The Nutritional Biochemistry of Chromium(III), Second Edition, reviews the fields of chromium biochemistry and nutrition and how they have dramatically changed in the last decade. Editor John Vincent has lead much of the research that has resulted in new discoveries and reversals of previously held beliefs, such as health concerns surrounding the toxicity of chromium(III). New sections include a review of new evidence showing why chromium may not be an essential element, why national recommendations may need updating, and new data on the use of chromium supplementation in animal feeds.
Discussions on the controversial topic of the role of chromium(III) at the molecular level in insulin signaling and information on cell cultures and in vitro assays of chromium toxicity are also covered.
- Examines all of the significant research surrounding chromium, providing discussion on both sides of controversial issues
- Features new evidence that shows why chromium may not be an essential element
- Details why national recommendations may need updating
- Edited by leading expert in the field of chromium, with new contributions from leaders in different aspects of chromium research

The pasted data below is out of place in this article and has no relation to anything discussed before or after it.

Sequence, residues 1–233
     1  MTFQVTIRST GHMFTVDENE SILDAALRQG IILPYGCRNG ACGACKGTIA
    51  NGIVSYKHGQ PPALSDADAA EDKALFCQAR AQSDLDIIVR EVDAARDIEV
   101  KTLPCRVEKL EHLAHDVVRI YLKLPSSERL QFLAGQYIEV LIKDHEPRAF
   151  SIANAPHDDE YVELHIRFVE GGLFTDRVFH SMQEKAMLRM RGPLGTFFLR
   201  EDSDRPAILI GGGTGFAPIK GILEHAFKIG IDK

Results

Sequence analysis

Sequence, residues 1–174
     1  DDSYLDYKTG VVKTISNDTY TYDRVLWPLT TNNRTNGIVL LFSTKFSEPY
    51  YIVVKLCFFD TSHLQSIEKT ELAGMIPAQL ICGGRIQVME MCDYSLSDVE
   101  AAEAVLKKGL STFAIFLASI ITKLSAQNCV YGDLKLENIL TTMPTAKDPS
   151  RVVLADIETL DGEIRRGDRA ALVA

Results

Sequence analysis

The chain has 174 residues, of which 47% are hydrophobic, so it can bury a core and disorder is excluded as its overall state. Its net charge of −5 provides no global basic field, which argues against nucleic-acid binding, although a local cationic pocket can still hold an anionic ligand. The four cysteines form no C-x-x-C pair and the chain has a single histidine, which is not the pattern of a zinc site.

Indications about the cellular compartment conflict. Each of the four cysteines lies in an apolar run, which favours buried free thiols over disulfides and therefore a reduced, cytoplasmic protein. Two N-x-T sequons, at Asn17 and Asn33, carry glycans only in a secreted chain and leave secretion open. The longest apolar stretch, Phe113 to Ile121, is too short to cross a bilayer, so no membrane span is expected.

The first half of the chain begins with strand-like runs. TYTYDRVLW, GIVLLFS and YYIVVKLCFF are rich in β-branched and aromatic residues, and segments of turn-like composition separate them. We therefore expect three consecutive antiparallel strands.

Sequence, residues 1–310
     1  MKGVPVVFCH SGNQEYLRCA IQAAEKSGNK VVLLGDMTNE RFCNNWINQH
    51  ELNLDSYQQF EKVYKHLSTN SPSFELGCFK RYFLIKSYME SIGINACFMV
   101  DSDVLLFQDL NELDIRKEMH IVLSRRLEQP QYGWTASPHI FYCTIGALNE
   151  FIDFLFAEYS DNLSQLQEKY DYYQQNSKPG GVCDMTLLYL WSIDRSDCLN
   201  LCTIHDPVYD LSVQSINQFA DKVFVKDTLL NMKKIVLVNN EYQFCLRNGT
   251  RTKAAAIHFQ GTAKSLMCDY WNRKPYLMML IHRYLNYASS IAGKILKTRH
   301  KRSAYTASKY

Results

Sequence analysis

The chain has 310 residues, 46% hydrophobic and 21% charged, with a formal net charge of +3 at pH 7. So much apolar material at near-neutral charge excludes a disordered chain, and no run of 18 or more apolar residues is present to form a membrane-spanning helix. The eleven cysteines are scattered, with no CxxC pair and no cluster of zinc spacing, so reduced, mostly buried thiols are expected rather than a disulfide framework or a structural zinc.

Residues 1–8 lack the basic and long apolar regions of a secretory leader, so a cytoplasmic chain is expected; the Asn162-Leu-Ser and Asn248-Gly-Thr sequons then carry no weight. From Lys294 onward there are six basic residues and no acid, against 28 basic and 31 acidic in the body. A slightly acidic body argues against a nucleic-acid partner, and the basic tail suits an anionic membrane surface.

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About the Author
Table of Contents
1. Introduction: A History of Chromium Studies 2. Basis for Dietary Recommendations for Chromium 3. Why Chromium May Not be Essential 4. Effects of Chromium(III) as a Nutritional Supplement 5. Use of Chromium as an Animal Feed Supplement 6. The Transport of Chromium(III) in the Body: Implications for Function 7. Potential and Purported Roles for Chromium in Insulin Signaling 8. Clinical Effect of Chromium Supplements on Human Health 9. Benefits of Chromium(III) Complexes in Animal and Human Health 10. Evaluation of Cr(III) Genotoxicity with cell Culture and In Vitro Assays 11. Redox Chemistry and Biological Activities of Chromium(III) Complexes 12. Overview of Cr(III) Toxicity 13. Summary: The Clinical and Nutritional Importance of Chromium